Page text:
Knowing that you will face the high expectation of being an omnipresent Inspector Gadget, your responsibility is to prepare for your internship. Regardless of your position, anticipate expectations in order to be as prepared as possible to exceed them. Here are my suggestions:

  1. Familiarize yourself with the employer. Learn about your employer's primary practice area. Learn who your employer's clients are. Learn who appears before him or her. Learn who is typically adverse to your employer. Take a class related to the practice area of your employer. Read an opinion issued by your employer. Read a brief written by your employer.

  2. Ask questions during your interview and prior to your arrival. Ask where certain resources are. Ask your employer who are the go-to people in the office for certain tasks. Ask who in the office specializes in a particular area of the law. Shocker—you can even ask the employer what he or she recommends you do to prepare for an internship with the employer!

  3. Develop a relationship with the support staff. They know everything. By developing a genuine and respectful relationship with a support staff member, you will receive those emails you were not cc'd on, you will be guided to that that brief you did not write, and you will be given a heads-up about important calls you should ask to participate in.

These are just some of the many things you can do to be as prepared as possible for the expectations to come. Much of your time as an intern is spent dwelling on what the internship will be, what kind of work assignments you may receive, and whether or not you will be successful. I challenge you to accept that your employer will expect you to be the omnipresent Inspector Gadget, and simply prepare for that expectation.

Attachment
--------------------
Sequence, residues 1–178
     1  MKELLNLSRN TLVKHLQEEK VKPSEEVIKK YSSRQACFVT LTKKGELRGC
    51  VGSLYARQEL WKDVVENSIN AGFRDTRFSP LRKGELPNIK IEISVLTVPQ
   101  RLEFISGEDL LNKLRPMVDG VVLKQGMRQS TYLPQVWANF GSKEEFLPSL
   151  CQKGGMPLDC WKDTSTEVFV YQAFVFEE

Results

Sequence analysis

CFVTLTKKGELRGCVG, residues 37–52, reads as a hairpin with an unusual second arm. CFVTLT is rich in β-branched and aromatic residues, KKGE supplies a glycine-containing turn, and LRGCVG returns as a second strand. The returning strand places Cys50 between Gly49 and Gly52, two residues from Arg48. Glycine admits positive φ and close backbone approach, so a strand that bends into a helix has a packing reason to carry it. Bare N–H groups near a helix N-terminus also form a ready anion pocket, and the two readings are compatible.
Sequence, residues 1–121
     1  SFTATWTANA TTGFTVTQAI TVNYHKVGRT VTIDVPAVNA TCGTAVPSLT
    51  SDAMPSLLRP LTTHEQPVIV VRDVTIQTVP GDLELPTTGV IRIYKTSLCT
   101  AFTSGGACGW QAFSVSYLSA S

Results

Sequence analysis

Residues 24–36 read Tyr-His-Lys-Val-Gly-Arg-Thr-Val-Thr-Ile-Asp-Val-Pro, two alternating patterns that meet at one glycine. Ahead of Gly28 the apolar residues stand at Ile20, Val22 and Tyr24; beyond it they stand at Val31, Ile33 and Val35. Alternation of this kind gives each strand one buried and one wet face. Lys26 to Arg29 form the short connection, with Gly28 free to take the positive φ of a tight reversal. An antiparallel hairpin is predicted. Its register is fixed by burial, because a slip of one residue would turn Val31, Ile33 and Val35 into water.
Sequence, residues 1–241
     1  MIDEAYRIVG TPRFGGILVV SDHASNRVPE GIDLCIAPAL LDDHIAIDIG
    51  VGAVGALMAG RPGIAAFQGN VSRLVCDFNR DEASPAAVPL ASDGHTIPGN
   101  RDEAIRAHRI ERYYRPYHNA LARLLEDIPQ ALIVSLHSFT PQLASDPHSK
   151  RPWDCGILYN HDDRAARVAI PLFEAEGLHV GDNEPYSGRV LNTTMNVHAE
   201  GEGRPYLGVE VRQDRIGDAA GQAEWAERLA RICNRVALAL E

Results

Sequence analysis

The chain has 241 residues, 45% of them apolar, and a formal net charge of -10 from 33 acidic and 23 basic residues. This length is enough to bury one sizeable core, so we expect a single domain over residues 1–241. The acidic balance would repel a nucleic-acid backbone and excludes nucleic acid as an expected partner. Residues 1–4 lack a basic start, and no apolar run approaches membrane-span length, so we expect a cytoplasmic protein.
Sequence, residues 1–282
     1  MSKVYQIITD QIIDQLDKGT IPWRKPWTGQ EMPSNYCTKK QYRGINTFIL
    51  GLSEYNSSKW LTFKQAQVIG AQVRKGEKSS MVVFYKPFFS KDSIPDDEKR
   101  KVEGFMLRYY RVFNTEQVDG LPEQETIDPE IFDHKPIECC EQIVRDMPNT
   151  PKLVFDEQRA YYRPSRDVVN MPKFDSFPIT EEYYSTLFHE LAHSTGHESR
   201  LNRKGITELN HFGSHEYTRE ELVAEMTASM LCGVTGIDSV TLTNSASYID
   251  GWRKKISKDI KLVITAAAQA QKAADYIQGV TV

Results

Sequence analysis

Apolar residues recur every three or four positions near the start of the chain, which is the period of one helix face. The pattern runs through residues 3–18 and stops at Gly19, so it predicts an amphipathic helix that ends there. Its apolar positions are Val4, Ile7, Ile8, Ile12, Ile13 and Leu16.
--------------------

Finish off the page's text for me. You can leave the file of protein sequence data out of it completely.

Last, I would like to share my top 10 points of advice to help you be the best Inspector Gadget you can be:

  1. Your internship is a summer-long interview.

  2. Casual moments do not apply to you.

  3. Have paper and a writing utensil with you at all times.

  4. Dress professionally even when everyone else does not. I would even venture to say do not dress casually, even if your employer allows you to dress casually. (If you don't understand this one, refer to point 2 above).

  5. Be courteous and respectful to those around you. This includes the following: opposing counsel, secretaries, and even the metal detector guards.

  6. When you have the option of easily working with someone in person or by email, always choose the in-person interaction.

  7. Ask at least two questions to clarify each assignment you receive.

  8. Volunteer for assignments.

  9. Work happens before 8 a.m. and after 5 p.m. Deal with it.

  10.  Send a thank-you note after your internship.

By anticipating the expectations your employer will have of you, you will be prepared to exceed them. You have all the tools you need to succeed; you must simply activate them. Go-Go Gadget!

Maritza Sanchez – August 30, 2017